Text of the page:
Accountability Charter Schools Corporate Reformers Education Industry For-Profit Ohio Privatization

ECOT’s Secret Sauce: Money, Money, Money.

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Denis Smith worked in the Ohio charter school office, and he saw the combustible mix of deregulation, money, and politics. This is a combination sure to produce scandal. And it has.

Smith reports here on the biggest scandal: the Electronic Classroom of Tomorrow (ECOT). It has the lowest graduation rate in the nation, according to the New York Times. It is a for-profit virtual charter. Its owner William Lager is one of the state’s major donors to the Republican Party. His patrons protect him from scrutiny or accountability.

One of the supporters of ECOT is Andrew Brenner, chairman of the Ohio House Education Committee. He despises public schools.

Brenner has said previously that “public education is socialism.” But if we follow the Chairman’s logic (hmm, I thought only well-known socialists and collectivists like Mao Zedong and Leonid Brezhnev were referred to as Chairman), we find illogic, viz., the Chairman of the Education Committee seems very much opposed to public education.

But the illogic gets worse.

Profits generated from the public funds received by charter school operators like Lager and White Hat Management’s David Brennan flow to their favorite Republican politicians in the form of contributions. These profits, snared by privately operated management companies with hand-picked, unelected boards not subject to full public transparency and exempt from 150 sections of state law, ultimately wind their way to committee chairs in the legislature as well as more senior leadership in the House and Senate.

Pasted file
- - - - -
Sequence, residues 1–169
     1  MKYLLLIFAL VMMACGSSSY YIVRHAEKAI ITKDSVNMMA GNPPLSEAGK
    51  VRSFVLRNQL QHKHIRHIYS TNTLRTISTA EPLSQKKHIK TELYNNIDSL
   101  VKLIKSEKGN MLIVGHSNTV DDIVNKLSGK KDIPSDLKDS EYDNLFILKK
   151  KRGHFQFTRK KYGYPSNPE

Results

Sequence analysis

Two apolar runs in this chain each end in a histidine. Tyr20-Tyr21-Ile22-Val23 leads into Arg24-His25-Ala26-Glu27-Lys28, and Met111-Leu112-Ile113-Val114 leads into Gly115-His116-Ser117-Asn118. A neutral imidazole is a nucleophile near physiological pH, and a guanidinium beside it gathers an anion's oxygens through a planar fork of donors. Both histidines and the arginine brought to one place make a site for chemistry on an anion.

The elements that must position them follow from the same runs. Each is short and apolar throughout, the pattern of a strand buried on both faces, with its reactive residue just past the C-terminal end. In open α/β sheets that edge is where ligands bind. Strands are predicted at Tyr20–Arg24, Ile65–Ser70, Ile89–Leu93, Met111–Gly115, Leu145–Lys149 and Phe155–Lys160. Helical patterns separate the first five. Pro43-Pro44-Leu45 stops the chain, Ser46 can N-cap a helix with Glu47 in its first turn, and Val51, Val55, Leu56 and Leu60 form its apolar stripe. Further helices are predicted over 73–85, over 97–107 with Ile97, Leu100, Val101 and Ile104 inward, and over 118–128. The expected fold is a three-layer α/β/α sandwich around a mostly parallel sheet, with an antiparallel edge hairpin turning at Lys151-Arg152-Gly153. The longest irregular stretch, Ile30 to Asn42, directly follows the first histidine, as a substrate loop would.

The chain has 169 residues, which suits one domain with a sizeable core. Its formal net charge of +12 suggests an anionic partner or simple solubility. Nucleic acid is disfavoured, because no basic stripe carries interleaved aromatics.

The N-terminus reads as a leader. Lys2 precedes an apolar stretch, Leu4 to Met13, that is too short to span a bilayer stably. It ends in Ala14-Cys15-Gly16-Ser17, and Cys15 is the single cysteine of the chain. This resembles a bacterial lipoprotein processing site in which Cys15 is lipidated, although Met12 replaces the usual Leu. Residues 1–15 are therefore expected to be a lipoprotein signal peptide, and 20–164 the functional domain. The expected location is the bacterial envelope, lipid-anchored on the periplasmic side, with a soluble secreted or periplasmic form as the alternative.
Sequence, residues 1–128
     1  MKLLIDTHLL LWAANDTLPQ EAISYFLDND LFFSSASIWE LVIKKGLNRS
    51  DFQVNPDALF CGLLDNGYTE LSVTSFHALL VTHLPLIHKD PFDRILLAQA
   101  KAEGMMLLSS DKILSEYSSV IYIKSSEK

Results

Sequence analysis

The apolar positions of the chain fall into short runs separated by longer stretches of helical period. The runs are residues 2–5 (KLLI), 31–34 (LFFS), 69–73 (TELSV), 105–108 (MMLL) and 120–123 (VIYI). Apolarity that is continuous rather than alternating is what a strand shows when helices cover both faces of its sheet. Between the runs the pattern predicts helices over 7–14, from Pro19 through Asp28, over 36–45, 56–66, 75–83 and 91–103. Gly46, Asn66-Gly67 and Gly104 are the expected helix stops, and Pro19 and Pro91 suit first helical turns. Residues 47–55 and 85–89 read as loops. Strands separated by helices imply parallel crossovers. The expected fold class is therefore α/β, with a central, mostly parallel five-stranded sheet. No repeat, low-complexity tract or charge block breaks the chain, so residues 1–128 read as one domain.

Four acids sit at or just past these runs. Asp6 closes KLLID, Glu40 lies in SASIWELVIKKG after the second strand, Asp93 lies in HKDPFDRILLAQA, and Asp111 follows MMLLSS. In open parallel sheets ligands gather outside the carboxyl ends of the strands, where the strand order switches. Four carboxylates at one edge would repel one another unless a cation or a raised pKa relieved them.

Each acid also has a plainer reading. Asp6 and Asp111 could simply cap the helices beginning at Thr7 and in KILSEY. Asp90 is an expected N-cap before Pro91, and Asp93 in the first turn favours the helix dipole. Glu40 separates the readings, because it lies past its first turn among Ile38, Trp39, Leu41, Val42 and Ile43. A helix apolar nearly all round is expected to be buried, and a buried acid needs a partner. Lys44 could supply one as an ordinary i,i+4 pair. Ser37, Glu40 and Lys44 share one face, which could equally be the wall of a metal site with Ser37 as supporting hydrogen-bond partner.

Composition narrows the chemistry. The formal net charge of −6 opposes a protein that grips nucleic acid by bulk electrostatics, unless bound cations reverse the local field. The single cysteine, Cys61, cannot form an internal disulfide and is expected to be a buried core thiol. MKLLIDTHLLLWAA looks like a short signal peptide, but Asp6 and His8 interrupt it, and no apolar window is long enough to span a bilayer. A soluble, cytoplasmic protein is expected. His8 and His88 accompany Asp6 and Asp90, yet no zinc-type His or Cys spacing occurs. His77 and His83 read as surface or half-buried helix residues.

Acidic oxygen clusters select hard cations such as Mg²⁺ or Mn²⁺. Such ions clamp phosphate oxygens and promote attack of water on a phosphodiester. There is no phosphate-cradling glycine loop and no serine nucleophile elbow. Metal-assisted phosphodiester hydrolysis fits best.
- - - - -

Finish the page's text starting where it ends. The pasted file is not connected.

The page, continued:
To Chairman Brenner, this is capitalism at work. And capitalism is the very opposite of socialism, right? Yes socialism, as evidenced by the operation of public school districts who raise their revenue from the taxation of local property and who are subject to full legal transparency and accountability, governed by a group of citizens elected by qualified voters in the community where they operate. These are community schools, the real public schools. Contrast that with charter schools, where, unlike public schools, there is no requirement for board members to be qualified voters, viz. citizens.

I wonder why Republicans aren’t in favor of requiring proof of citizenship for charter school board members, as they are for some voters. Hmmm.

Public money for private purposes.

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